(Addendum: The advisory committee discussed in this post narrowly approved keeping drospirenone-containing oral contraceptives on the market).
Is the Food and Drug Administration stacking the deck against a negative decision at tomorrow’s safety hearing for oral contraceptives that contain drospirenone, include Bayer’s Yasmin? Or is it laying the groundwork to combat lawsuits by Bayer should the agency decide to pull the drug, which the FDA has already warned increases the risk of blood clots?
The agency took two actions this week sure to anger safety advocates, especially in the women’s health community. First, it ruled that Public Citizen’s Sidney Wolfe could not take his usual post as consumer representative on the Drug Safety Advisory Committee because his widely read newsletter, “Best Pills, Worst Pills,” has already called for pulling Yasmin from the market. The agency accused Dr. Wolfe of an intellectual conflict-of-interest.
Then, as both Bloomberg News and FDAWebview reported yesterday, the advisory committee staff ruled that a 196-page report on the drug by former FDA Commissioner David Kessler, prepared for attorneys suing Bayer on behalf of the more than 10,000 women who claim to have been harmed by the drug, would not be included in the advisory committee record because it was submitted too late. The lengthy legal brief, which you can read here, claims that the drug is unsafe and the company illegally marketed it for off-label uses. The court where the cases are being held didn’t unseal the document until late October.
According to Bloomberg, plaintiff attorney Ned McWilliams told the FDA in an email that “the American public would want to know why FDA has refused to consider important safety information that Bayer did not consent to be released to the public or FDA until after the submission deadline. Why not look at the documents and make your own independent objective evaluation?” An FDA decision to pull the drug would obviously help McWilliams and his clients.
The FDA last October warned that Yasmin increased the risk of blood clots by 74 percent. The FDA adverse events reporting database reportedly has at least 50 cases of deaths associated with the use of the contraceptive. The advisory committee will presumably hear much of the safety information contained in the report. Why else hold the meeting? The briefing book for advisory committee members contains a long report from the FDA’s epidemiology and safety office reviewing the safety signals in clinical trials involving the drug. Dr. Kessler’s brief is a powerful indictment of Bayer’s alleged efforts to cover up or ignore those signals. Whether those legal issues are appropriate for an advisory committee devoted to discussing the science and where the company will get equal time to present its own spin on the data is an interesting question. He should at least be given adequate time during the public portion of the meeting to present his findings.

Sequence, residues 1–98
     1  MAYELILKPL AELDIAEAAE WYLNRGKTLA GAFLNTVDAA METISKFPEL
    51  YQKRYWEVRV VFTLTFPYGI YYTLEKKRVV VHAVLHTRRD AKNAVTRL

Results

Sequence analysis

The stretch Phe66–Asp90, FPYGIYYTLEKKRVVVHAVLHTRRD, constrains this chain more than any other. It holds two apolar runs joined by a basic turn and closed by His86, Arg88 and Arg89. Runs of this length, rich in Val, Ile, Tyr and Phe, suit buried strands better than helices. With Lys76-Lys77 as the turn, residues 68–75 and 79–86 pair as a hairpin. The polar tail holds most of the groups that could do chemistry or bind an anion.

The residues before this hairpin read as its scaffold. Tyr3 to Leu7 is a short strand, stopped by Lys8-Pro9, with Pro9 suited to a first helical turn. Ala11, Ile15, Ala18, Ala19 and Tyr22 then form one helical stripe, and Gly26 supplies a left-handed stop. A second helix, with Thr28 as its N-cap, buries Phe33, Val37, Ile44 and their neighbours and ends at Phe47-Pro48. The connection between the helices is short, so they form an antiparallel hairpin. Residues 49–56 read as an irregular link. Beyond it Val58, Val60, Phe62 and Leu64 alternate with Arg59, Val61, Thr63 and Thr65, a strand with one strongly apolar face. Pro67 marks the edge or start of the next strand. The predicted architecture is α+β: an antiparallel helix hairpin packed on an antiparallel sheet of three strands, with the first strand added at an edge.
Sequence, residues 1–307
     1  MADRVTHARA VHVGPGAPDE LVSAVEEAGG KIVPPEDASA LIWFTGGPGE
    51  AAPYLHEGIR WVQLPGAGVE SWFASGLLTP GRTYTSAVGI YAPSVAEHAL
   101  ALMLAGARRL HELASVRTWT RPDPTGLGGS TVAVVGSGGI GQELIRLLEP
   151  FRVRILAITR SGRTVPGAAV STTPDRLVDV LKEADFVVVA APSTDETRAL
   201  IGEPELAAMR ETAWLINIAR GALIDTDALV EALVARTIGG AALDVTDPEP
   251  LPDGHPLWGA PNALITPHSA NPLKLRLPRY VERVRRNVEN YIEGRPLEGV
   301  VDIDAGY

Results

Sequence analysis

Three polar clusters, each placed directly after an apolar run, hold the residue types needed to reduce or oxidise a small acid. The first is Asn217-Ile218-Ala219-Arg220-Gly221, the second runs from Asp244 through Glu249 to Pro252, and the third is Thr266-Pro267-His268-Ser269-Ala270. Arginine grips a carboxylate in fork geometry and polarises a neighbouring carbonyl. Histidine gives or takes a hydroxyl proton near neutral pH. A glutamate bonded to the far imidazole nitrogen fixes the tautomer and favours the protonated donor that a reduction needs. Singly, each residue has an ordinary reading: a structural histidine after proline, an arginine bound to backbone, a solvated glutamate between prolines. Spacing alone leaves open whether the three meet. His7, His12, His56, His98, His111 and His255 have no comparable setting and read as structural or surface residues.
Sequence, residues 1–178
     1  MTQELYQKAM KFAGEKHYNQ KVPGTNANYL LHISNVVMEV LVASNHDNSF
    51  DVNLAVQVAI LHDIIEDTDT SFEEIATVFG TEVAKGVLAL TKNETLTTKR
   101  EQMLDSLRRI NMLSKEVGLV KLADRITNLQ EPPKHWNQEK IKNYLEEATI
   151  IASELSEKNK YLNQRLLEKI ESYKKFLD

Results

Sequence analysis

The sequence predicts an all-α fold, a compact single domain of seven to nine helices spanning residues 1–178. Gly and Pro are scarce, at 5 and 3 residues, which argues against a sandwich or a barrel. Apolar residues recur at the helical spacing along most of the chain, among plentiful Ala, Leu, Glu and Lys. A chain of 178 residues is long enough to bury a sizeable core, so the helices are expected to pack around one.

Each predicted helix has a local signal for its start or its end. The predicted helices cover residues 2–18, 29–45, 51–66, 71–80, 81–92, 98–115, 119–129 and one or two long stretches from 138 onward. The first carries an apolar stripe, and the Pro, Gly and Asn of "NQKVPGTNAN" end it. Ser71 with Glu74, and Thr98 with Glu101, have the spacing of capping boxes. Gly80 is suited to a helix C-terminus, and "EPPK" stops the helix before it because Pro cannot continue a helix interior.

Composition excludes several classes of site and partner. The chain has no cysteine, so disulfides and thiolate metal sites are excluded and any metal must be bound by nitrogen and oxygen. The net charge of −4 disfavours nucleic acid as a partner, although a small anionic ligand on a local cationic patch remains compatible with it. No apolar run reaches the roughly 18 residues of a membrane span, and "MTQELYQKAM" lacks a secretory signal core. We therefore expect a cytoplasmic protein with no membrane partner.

And as for Dr. Wolfe, there’s something to be said for going into an advisory committee meeting with an open mind. But concerns about these drugs have been around for a while. And there are two ways to deal with intellectual bias under the Federal Advisory Committee Act that sets the parameters for agencies that employ outside advisers (writings that take a point of view are a legitimate way to demonstrate bias). One is to exclude someone with a preconceived bias from the committee. The other is to recognize that bias, unlike financial conflicts of interest, can be counterbalanced with someone with either no bias or who has a different bias. In this case, since this is a joint meeting of the drug safety and reproductive health advisory committees, there will be another consumer representative on the panel — Michele Orza, Sc.D., a health policy analyst at the National Health Policy Forum who specializes in evidence-based medicine. She will be able to give a different perspective from Wolfe.
The crucial vote will come on question four. Do the benefits outweigh the risks? And if they do not, is there a subset of patients for whom the benefits outweigh the risks? If the advisory committee answers “no” to both those questions, and the FDA follows its usual course of following advisory committee recommendations, the drug will presumably be pulled the market. Dr. Wolfe should have been allowed to serve, and the FDA should have let the chips of future lawsuits fall where they may.
Merrill Goozner is an award-winning journalist and author of “The $800 Million Pill: The Truth Behind the Cost of New Drugs” who writes regularly at Gooznews.com.